Colin took over, for the Hi FI Club, the Embassy Ballroom dances in Perth which had recently been launched by Coca-Cola Bottlers Perth Pty Ltd in association with Radio 6IX and Johnny Fryer. Up to about 1500 people would attend these dances on a Saturday afternoon. Colin's role expanded to organise and run other dances around the metropolitan area and in some country towns including Narrogin, Bunbury, Katanning and Albany. Bob Purvis of Purvisonic Sound, with his (then) advanced sound systems was a key player in the presentation of these dance concerts. These were among the first of their kind and a part of the music and dance revolution that was going on.
The careers of many local bands and artists started at these shows, including Bill Blaine and the Dynamics, the Hi-Five, Noelene Batley, Brian Davies, Pam Bradley, Janice George, Clive Higgins and the Zodiac All-Stars, Clem Croft, Paul Gadenne - and Johnny Young the office boy at Radio 6PM, who came second to Peter Anderson in one of the many very popular talent quests that were run.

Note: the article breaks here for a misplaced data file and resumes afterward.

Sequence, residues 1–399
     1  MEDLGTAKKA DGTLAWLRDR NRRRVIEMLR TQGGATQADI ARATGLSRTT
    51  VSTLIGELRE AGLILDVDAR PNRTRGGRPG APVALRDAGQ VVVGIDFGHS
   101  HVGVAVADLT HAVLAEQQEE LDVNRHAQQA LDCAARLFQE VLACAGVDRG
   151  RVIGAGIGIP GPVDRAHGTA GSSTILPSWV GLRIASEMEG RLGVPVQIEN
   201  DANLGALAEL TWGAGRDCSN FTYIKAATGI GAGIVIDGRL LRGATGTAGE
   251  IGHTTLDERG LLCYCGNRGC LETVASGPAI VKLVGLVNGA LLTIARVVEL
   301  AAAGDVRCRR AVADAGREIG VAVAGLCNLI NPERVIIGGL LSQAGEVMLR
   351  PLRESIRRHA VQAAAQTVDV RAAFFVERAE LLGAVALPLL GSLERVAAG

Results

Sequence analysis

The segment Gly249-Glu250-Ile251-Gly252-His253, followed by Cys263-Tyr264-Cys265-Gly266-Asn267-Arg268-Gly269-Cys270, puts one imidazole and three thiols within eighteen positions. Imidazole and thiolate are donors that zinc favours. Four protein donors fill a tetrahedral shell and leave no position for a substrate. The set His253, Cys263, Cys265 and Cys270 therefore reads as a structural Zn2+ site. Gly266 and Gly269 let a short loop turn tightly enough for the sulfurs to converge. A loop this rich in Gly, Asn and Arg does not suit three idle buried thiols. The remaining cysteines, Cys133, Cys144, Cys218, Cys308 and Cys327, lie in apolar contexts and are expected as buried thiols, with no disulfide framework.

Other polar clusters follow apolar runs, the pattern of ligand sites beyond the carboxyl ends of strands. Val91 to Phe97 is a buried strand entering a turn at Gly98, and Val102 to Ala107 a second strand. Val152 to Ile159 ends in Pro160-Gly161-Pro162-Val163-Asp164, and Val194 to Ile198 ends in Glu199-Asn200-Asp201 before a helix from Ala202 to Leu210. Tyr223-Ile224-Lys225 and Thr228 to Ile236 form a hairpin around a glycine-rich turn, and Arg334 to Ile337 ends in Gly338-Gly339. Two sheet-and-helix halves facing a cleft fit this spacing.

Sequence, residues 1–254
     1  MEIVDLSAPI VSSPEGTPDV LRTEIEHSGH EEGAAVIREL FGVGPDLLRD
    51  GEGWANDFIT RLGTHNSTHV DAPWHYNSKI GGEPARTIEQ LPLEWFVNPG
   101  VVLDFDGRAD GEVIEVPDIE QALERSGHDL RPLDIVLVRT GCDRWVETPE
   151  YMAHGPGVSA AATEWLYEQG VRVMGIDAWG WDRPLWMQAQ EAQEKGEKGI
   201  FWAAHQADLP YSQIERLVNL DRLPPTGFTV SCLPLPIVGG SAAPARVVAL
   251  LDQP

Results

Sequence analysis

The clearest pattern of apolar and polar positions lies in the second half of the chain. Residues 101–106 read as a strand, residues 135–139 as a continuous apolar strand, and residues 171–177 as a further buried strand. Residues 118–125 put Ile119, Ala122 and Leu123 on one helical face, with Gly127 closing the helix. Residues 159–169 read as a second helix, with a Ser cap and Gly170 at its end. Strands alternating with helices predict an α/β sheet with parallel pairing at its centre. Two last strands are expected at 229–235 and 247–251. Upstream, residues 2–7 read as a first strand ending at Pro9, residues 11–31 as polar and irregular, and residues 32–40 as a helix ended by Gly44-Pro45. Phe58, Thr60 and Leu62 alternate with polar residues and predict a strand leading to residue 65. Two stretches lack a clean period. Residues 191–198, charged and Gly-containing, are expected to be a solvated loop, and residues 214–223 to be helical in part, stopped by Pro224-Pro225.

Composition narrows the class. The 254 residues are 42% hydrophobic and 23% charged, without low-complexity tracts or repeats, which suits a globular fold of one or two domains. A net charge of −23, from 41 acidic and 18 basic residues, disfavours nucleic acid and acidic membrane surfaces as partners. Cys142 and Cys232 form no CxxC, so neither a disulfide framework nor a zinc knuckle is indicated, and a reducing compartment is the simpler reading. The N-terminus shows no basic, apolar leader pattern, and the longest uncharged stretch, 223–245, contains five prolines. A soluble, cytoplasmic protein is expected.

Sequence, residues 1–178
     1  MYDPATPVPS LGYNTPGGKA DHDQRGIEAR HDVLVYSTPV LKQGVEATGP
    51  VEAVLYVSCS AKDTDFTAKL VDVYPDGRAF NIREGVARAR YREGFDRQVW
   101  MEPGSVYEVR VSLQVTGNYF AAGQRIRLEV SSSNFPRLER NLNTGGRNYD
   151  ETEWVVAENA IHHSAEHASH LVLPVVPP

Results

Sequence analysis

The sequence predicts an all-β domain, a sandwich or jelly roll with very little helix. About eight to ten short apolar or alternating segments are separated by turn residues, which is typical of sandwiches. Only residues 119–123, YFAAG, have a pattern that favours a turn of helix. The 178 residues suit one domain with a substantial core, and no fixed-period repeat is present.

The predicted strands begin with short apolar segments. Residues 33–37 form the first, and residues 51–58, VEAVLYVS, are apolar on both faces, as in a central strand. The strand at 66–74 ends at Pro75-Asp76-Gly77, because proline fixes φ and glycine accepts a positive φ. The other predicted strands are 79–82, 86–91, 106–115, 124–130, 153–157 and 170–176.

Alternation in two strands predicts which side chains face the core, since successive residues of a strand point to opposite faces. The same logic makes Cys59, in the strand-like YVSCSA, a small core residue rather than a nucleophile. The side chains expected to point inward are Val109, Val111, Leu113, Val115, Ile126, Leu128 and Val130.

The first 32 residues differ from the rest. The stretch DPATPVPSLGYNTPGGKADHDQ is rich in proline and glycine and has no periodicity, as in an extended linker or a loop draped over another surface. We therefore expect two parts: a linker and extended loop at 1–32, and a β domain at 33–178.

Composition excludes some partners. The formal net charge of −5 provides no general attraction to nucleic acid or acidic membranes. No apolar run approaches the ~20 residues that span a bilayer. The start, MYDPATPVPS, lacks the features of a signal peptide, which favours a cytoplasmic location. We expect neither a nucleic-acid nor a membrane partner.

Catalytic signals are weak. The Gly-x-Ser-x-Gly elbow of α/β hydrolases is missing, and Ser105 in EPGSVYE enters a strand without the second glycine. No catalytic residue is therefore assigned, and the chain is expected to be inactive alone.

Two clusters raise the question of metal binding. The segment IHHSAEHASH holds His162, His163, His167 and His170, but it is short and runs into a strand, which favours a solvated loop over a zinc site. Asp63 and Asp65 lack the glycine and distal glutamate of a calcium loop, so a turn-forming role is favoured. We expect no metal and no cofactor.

Colin's influence in the industry was significant and he was involved early on in programming the music and arranging the artists for the new Channel Seven show "Teen Beat" for Max Bostock. Colin was the only one who had the knowledge or contacts at this time. He would type out "Teen Beat" program’s schedule at the 6PM office and the band would then take it to the TV station.
In 1960 the Coca-Cola organisation transferred the Hi Fi club to Radio 6KY as they felt that it was a more progressive station and one that rated better in listener surveys. This move resulted in a stunning pay rise for Colin of five Pounds a week.
Colin compered many programs while with 6KY including Saturday evenings, then still a worthwhile night for listeners. However, he still had a long Hi Fi Club session on weekdays, which had an associated organisation backing it. The 6KY and the Hi Fi Club were top-rated in WA and the dances and shows continued. Club membership went into many thousands.